Feds call for revamp in safety regulation at US refineries

The US Chemical Safety Board (CSB) has proposed a more-rigorous safety management regulatory framework for refineries in California that could extend to refining complexes across the nation.

The recommendations came with the Dec. 16 release of the agency’s draft report on its investigation of the Aug. 6, 2012, pipe rupture and ensuing fire at Chevron Corp.’s 257,000-b/d Richmond, Calif., refinery (OGJ Online, Aug. 13, 2012; Aug. 7, 2012).

After emphasizing the frequency of major incidents occurring at US refineries over the last decade under the current regulatory approach, CSB called for California and US refiners to implement a safety case regulatory regime similar to that already adopted by refiners in Norway, the UK, and Australia.

“In contrast to the safety case, the current [US] regulatory system for process safety is largely reactive, at both the state and federal level; companies have a default right to operate, and are subject to penalties when accidents occur or their activities otherwise draw negative attention from regulators,” CSB Chairman Rafael Moure-Eraso said.

“In the case of the Chevron refinery fire, the reactive system of regulation simply did not work to prevent what was ultimately a preventable accident,” Moure-Eraso said.

In its April 2013 interim report on the incident, CSB found that Chevron repeatedly failed over a 10-year period to apply inherently safer design principles and upgrade piping in its crude oil processing unit, which was extremely corroded and ultimately ruptured by the time of August 2012 incident (OGJ Online, Apr. 15, 2013).

The shift to a safety case regime would represent a fundamental change to current US practices by shifting the responsibility for continuous reductions in major accident risks from regulators to the company by requiring companies to demonstrate to refinery industry regulators—through a written “safety case report”—how major hazards are to be controlled and risks reduced to as low as reasonably practicable, CSB said.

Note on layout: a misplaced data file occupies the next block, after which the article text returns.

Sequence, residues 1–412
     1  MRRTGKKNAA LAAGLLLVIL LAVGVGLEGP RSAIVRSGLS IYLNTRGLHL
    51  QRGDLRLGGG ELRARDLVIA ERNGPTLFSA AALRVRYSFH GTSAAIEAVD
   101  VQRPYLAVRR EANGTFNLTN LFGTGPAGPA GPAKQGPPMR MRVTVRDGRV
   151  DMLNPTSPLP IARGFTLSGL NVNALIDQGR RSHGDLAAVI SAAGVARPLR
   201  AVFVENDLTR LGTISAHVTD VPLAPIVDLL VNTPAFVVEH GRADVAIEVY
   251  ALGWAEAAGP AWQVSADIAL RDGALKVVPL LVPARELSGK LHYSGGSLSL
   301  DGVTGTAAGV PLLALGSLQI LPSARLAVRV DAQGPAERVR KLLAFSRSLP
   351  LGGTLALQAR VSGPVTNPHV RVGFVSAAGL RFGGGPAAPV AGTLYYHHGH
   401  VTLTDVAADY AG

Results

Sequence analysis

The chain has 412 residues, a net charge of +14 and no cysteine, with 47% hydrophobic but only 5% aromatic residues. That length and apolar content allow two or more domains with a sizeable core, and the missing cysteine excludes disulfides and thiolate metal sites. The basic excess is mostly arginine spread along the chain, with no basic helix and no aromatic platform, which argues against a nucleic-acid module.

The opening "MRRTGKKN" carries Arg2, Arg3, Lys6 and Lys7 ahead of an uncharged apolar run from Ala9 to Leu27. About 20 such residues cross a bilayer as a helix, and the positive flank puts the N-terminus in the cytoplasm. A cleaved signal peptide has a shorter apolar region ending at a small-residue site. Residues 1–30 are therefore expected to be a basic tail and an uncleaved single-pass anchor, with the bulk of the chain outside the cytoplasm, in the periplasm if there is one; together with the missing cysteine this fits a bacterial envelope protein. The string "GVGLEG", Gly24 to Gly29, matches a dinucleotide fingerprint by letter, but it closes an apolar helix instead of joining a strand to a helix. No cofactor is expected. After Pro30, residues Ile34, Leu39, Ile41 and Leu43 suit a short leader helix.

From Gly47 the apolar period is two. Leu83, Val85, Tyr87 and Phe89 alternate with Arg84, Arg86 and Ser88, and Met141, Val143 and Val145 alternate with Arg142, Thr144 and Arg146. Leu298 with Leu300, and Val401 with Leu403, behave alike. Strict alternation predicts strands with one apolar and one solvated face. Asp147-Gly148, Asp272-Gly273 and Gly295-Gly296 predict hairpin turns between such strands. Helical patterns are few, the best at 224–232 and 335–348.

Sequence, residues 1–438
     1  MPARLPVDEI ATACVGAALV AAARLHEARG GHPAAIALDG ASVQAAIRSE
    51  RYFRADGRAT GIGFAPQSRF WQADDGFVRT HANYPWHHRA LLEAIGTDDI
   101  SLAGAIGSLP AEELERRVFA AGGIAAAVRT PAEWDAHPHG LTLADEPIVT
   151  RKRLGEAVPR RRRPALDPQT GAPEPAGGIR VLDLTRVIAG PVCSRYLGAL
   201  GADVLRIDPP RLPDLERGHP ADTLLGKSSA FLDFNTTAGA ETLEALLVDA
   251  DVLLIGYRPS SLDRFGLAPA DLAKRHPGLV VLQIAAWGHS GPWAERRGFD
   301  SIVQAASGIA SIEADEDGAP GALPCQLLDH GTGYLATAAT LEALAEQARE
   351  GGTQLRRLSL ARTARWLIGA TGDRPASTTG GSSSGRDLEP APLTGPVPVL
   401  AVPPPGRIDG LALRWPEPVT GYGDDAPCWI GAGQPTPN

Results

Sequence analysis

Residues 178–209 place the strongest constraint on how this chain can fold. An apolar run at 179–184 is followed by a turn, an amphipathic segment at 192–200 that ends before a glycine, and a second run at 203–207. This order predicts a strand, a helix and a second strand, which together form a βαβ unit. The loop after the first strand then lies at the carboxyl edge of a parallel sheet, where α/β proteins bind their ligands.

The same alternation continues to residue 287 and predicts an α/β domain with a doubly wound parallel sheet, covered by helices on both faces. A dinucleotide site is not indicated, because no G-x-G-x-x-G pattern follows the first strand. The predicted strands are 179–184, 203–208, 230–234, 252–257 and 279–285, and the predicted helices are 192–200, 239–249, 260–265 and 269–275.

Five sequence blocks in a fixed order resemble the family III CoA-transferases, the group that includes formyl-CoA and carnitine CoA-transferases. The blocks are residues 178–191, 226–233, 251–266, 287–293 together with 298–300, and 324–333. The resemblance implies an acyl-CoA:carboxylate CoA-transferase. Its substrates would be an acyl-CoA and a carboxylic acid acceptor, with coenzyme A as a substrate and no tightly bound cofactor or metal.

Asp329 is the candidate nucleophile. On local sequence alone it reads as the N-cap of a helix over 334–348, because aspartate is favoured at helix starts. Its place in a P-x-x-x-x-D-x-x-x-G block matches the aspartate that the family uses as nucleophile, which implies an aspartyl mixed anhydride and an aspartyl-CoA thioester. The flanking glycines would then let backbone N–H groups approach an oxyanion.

While the report’s recommendations are targeted at California refiners, CSB said the current US safety system has fallen behind, and that everyone would benefit from “the enhanced advantages of the more adaptable and effective” safety case approach to regulation.

“We believe our draft report provides a definitive examination of the advantages of the safety case system, one that would not only benefit California but the US as well,” said CSB investigator Amanda Johnson.

While Chevron has yet to comment on the draft report, the United Steelworkers union said in a Dec. 16 news release that it will be working closely with its Local 5 members—many of whom work at the Richmond plant—and other stakeholders to review the draft and provide comments to help ensure future incidents such as those at Richmond never occur again.

Following a comment period that runs through Jan. 3, 2014, CSB will consider the draft report for formal adoption at a public meeting on Jan. 15, 2014.

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